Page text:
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In an effort to save face from possible user privacy concerns, Facebook on Monday released a blog post explaining privacy changes that will come with the highly anticipated iOS and Android software updates.
In June, Apple revealed iOS 13 at its annual Worldwide Developers Conference. According to CNBC, the update is designed to give users more control over their privacy sharing settings, a move that seemed to specifically target both Facebook and Google. Both sites have come under fire for the amount of personal data they were gathering about their users.
Now, two weeks before the updates are set to drop, Facebook has coincidentally chosen to address the upcoming privacy changes.
“Your Android or iOS location settings allow you to control when you share your device’s precise location with apps like Facebook,” Engineering Director Paul McDonald wrote. “That’s why we’re letting you know that Android and iOS have released new versions of their operating systems, which include updates to how you can view and manage your location.”
The iOS 13 update will send out reminders to users about which apps are using their exact location even when they’re not using the app, and provide them with the time that the data was gathered.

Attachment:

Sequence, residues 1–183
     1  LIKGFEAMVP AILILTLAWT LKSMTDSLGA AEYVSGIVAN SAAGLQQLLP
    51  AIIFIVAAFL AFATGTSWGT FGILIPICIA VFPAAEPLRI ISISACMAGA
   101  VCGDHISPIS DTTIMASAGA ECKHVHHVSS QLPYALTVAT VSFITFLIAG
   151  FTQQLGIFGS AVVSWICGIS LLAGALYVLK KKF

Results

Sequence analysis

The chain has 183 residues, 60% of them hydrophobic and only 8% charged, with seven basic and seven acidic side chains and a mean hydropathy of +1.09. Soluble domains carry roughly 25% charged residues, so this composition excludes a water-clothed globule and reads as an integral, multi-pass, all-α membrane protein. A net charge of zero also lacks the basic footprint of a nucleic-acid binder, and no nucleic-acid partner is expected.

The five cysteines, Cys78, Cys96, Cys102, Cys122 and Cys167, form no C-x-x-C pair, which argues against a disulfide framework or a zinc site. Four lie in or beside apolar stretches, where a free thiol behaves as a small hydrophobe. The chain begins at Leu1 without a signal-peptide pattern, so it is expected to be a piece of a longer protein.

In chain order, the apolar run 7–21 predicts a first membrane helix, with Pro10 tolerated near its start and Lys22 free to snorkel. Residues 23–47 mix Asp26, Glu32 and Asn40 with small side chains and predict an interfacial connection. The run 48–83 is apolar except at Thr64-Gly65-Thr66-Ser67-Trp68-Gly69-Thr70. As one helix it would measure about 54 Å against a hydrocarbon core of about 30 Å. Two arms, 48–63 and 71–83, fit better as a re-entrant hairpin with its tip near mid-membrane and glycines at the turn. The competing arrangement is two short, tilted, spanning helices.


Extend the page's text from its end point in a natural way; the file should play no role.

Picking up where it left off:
“For the first time, you can share your location to an app just once and then require it to ask you again next time it wants it,” Craig Federighi, Apple’s senior vice president of software engineering, said when the update was announced. “If you do choose to grant an app the ability to continually monitor your location in the background, we’ll give you reports so you’ll know what they’re up to.”
Facebook has come under fire multiple times in the past year for giving away users personal data without their knowledge. According to a New York Times report, Facebook gave Microsoft, Amazon, and Spotify “far greater access to people’s data than it has disclosed.”
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Collyn Burke is a senior journalism student at the University of Texas at Austin interning for the Daily Dot's editorial team and Two Girls One Podcast. Her work has previously appeared in the Daily Texan and the Texas Observer.